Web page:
I looked up that same accommodation provider on Booking.com and they have deleted all the negative reviews and are now renting out the property as a whole instead of as a hostel/shared accommodation situation.
There is sometimes a silver lining to these little disasters
Marko spoke to the owner of the cute rodent infested wooden cabin.
I felt so horrible because the owner seemed like a really nice person and aside from rodents and the bathroom that had a stinky sewerage problem, the accommodation was good.
She didn’t allow us to pay for the night of accommodation and apologised profusely.
We had really been looking forward to this trip to Kolasin, a place full of natural wonders in the mountains of northern Montenegro. This kind of put a damper on the trip.
Regardless, we decided we would do a full day of sightseeing and head home instead of booking a new accommodation.
This ended up being for the best when we realised that we were could only really just afford the accommodation and we spent some of the money we had saved on some deliciously, hearty traditional food.
A detour through the Albanian mountains
We decided to trim down our sightseeing plans (which involved a much longer drive back home) and instead take the shortest route home. Taking the scenic route through Albania to get back to Herceg Novi seemed to be our best option.
While things were a bit sketchy in the area bordering Montenegro (a guy got out of his car to confront us in a road rage incident and a group of very very young girls pelted our car with rocks) once we passed through the border I was grateful to those wall-dwelling pests for changing our plans.
Shortly after passing through the border, we came across a river with light azure coloured water. I’ve never seen that colour of blue in a body of water, ever. Marko and I were euphoric, clambering on the rocks surrounding this river. We could not believe our eyes.
In this rural region, there was mostly farmland, some small communities and many charming small, stone houses.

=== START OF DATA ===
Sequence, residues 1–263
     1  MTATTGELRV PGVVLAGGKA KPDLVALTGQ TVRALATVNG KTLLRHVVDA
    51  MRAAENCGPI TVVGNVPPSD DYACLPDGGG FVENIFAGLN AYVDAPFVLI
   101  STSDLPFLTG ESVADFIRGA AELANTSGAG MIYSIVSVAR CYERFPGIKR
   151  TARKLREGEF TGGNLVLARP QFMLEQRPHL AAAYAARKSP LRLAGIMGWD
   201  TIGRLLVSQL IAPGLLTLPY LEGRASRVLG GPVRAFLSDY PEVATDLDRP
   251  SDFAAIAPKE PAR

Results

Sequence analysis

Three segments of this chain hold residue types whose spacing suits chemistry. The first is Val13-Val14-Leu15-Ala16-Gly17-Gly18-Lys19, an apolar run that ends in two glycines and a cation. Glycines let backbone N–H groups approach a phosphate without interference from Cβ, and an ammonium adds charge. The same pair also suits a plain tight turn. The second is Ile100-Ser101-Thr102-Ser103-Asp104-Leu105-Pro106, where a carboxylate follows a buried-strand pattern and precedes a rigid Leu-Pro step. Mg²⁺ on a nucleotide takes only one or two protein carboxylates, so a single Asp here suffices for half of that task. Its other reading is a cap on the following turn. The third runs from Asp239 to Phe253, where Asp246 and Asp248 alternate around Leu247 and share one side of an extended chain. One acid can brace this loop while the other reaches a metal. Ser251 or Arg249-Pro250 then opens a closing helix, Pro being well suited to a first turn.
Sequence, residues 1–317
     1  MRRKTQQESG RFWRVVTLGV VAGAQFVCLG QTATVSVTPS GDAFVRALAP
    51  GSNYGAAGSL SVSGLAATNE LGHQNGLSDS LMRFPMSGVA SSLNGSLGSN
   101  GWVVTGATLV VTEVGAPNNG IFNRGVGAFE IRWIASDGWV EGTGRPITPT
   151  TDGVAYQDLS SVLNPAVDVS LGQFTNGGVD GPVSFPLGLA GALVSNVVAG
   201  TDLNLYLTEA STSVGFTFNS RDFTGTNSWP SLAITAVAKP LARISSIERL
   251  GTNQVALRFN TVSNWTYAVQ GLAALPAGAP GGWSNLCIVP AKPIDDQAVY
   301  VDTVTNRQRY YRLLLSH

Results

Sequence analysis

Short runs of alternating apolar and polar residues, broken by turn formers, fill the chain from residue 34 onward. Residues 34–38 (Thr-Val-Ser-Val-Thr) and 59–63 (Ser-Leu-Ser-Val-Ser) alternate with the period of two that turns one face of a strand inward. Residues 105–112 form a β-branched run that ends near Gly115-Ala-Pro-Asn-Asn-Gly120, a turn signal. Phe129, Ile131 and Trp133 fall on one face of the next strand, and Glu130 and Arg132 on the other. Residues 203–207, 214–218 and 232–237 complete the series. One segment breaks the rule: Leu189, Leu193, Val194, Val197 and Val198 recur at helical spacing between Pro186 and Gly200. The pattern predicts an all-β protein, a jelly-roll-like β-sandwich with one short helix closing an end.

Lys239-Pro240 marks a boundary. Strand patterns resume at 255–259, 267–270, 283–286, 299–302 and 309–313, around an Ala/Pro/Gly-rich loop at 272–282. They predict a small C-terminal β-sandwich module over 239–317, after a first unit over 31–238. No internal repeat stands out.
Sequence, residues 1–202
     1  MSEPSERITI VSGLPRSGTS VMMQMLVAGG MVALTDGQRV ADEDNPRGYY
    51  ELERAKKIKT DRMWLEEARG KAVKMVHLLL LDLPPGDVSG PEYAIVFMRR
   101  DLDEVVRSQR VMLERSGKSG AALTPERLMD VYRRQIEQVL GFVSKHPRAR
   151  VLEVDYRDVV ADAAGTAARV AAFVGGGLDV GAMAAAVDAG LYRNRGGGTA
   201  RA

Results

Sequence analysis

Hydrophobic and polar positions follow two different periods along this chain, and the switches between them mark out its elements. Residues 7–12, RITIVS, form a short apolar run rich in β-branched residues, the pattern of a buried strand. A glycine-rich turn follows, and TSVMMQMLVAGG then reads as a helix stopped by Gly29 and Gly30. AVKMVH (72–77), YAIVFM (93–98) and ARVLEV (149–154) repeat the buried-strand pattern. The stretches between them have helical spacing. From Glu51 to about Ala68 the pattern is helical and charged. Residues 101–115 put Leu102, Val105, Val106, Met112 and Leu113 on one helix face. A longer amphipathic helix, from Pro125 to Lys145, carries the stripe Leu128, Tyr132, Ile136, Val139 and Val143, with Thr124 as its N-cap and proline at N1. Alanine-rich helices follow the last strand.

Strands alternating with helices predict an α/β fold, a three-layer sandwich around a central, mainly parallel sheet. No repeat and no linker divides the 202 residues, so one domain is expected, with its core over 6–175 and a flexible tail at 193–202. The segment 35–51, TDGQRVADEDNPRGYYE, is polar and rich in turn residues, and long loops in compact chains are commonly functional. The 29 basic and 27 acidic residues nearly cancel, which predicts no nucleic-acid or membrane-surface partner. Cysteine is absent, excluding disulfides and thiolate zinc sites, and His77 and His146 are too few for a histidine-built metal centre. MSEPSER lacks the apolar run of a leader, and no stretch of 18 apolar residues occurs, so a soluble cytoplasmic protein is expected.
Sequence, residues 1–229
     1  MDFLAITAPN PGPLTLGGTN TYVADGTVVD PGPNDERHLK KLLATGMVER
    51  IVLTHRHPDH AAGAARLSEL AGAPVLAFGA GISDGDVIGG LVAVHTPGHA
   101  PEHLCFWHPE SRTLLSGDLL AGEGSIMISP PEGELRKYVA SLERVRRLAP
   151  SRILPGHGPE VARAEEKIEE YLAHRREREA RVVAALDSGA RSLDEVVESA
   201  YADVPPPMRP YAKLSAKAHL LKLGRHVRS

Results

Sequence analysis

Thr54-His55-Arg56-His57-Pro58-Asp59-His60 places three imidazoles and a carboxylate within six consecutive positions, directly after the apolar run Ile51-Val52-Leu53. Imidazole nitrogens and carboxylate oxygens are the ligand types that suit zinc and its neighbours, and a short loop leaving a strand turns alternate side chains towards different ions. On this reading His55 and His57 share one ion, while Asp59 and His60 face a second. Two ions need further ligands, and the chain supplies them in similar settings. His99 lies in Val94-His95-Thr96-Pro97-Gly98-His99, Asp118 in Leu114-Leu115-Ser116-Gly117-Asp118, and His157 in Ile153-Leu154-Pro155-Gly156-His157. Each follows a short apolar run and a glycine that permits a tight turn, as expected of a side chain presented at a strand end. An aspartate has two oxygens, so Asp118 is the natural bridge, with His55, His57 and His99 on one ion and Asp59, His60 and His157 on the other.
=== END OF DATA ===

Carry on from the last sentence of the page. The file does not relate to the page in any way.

As we drove along, I saw a mountain in the distance that looked very familiar.
The rocks of this mountain are distinctively light grey in colour. It ended up being the Prokletije mountain range. A fellow mountain lover on Instagram highly recommended that I visit there but I resigned to the fact that I had run out of time and may not see if for a few years.
By chance, I got to see it and I can’t even begin to explain how happy that made me.
We drove through the night, navigating the winding roads through canyons, avoiding the many risk-taking toads, listening to whatever we could tune into on the radio.
I couldn’t help but be reminded of our treasured time on the road in Italy, Croatia and Slovenia.
We drove past fields of fragrant marijuana, hidden in plain sight on the busy main road and more crucifixes than I could count, including a huge lighted one that could be seen from the air.
Things didn’t go according to plan. This was my second last day with the love of my life before the long flight back to my home country to face a difficult family situation and I wanted to spend it well.
I was so exhausted that I slept in the passenger seat and I am the type of person who typically cannot sleep anywhere but in a bed.
But you know what? I wouldn’t have had it any other way.
Things turned out better than we ever could have planned. This region of Albania was the perfect combination of weird and wonderful.
Admission of something is not a complaint, it is simply telling the truth
I am telling you these stories not because I am an ungrateful misery guts but because these stories are the truth, my truth.
Travel doesn’t always go to plan and that is the truth. That is something that seasoned travellers know very well and something that new travellers should be aware of before they start their adventures.
Travel is much like normal everyday life in the sense that things won’t always go your way. But who knows what pleasant surprises could be in store for you, beyond your ‘failed’ plans.
Do you have any accommodation nightmares? Big or small?
Feel free to share them in the comment section down below! I am curious to hear what accommodation nightmares you have experienced in your travels and I’d love to know if things worked out in the end and how you dealt with the situation.
I am well aware that my travel nightmare stories from Europe are pretty tame considering some other stories I’ve heard from other continents that involve serious, traumatic crimes.
Nevertheless, when you pay for the service of accommodation, I think it is fair to have some basic expectations when you are parting with your hard earned money and to speak up when things aren’t right.
Disclaimer: The featured image for this blog post IS NOT the one mentioned in this story. It is from a super positive accommodation experience from my trip to Durmitor.